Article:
Across the Top 1000 advertisers, a diversified group representing three-fourths of the measured ad economy, expenditures rose 7.3 percent in the first nine months of the year. The comparable growth rate for the long-tail of small advertisers beyond the Top 1000 was just 3.3 percent. However, in the third quarter the respective figures for these two segments were very similar at 9.1 percent and 8.1 percent.
Measured Ad Spending by Category
Expenditures for the ten largest advertising categories rose 7.4 percent in the first nine months of 2010 and totaled $53.55 billion.
Automotive was the leading category in both dollar volume and growth rate as spending accelerated 23.7 percent to $9,151.5 million, reflecting the improved climate for vehicle sales. Within the category, manufacturers and dealers had comparable rates of increase.
Telecom was the second largest category with nine month expenditures growing a modest 4.7 percent to $6,369.4 million. Slowing rates of spend in the wireless segment were offset by vigorous competition and larger budgets among TV service providers.
Year-to-date spending in Financial Services increased 9.4 percent, to $5,604.6 million, although growth rates slackened in the third quarter. Results were skewed by a sustained marketing barrage from a handful of leading credit card issuers. More telling is the ongoing weakness in retail bank advertising and a recent slowdown by marketers of investment products.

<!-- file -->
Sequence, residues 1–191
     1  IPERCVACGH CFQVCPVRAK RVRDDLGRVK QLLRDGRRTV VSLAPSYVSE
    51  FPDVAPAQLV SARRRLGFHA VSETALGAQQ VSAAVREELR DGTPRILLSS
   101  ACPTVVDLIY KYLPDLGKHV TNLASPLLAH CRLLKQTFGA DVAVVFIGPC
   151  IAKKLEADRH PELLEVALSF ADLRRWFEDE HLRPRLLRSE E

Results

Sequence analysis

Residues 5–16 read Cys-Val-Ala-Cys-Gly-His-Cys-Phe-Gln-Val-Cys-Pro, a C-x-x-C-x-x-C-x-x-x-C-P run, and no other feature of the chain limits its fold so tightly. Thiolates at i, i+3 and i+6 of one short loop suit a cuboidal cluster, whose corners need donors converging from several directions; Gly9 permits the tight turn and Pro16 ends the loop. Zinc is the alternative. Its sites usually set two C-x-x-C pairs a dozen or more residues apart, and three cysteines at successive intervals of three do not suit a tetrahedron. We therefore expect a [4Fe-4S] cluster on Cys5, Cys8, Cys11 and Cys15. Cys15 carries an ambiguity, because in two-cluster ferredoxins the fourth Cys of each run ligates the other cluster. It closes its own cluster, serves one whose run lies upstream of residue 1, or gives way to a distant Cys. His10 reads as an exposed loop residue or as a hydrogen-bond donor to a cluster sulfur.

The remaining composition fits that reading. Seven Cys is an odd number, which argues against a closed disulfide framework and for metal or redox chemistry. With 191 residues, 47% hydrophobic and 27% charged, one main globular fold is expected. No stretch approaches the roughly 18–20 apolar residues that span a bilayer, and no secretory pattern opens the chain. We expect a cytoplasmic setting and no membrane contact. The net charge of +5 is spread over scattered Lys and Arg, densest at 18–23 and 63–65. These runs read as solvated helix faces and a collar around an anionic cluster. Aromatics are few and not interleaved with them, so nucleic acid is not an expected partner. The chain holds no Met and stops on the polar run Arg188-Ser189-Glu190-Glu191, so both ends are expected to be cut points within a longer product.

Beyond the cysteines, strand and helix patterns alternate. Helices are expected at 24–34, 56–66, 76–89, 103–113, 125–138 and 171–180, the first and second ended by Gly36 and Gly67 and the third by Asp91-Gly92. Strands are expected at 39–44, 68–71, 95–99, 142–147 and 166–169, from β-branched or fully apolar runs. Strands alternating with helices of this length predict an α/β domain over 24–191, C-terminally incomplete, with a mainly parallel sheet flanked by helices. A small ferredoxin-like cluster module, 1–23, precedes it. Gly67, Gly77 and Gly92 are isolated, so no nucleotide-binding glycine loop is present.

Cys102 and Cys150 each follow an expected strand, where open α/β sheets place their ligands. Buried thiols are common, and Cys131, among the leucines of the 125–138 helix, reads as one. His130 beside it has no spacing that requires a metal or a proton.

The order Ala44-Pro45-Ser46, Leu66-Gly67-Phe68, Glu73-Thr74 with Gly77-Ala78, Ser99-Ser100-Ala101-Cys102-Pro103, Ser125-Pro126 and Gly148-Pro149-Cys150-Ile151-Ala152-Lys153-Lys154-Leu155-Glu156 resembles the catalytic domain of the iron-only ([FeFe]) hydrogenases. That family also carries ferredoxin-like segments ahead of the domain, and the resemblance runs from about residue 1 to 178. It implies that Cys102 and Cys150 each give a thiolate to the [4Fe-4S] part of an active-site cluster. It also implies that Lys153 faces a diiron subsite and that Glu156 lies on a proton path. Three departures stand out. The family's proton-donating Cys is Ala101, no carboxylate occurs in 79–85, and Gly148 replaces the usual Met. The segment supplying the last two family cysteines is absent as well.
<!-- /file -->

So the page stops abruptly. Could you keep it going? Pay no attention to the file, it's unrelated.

Only two of the top ten categories posted spending declines. Direct Response budgets shrank by 6.2 percent, to $4,549.9 million. Pharmaceutical advertising was down 8.5 percent, to $3,160.9 million, on broad reductions across top spending brands.
Kantar Media continuously monitors Branded Entertainment within network prime time and late night programming. The tracking identifies Brand Appearances and measures their duration and attributes. Given the short length of many Brand Appearances, duration is a more relevant metric than a count of occurrences for quantifying and comparing the gross amount of brand activity that viewers are potentially exposed to in the program versus the commercial breaks.
In the third quarter of 2010, an average hour of monitored prime time network programming contained nine minutes, four seconds (9:04) of in-show Brand Appearances and 14:47 of network commercial messages. The combined total of 23:51 of marketing content represents 40 percent of a prime-time hour.
Unscripted reality programming had an average of 11:10 per hour of Brand Appearances as compared to just 6:17 per hour for scripted programs such as sitcoms and dramas. Late night network talk shows had an average of 10:49 per hour. The combined load of Brand Appearances and network ad messages in these late night shows was 25:32 per hour, or 43 percent of total content time.
The top five brands ranked by total amount of Brand Appearance time were Chef Revival, Viking appliances, Bud Light beer, Yamaha music equipment and Ford.
About Kantar Media
Established in more than 50 countries, Kantar Media helps clients master the world’s multimedia momentum through analysis of print, radio, TV, internet, cinema, mobile, social media, and outdoor worldwide. Kantar Media offers a full range of media insights and audience measurement services through its global business sectors – Intelligence, Audiences, TGI and Custom. Kantar Media companies also include Compete, Cymfony and SRDS. Drawing upon the deepest expertise in the industry, Kantar Media tracks more than 3 million brands and delivers insight to more than 22,000 customers worldwide.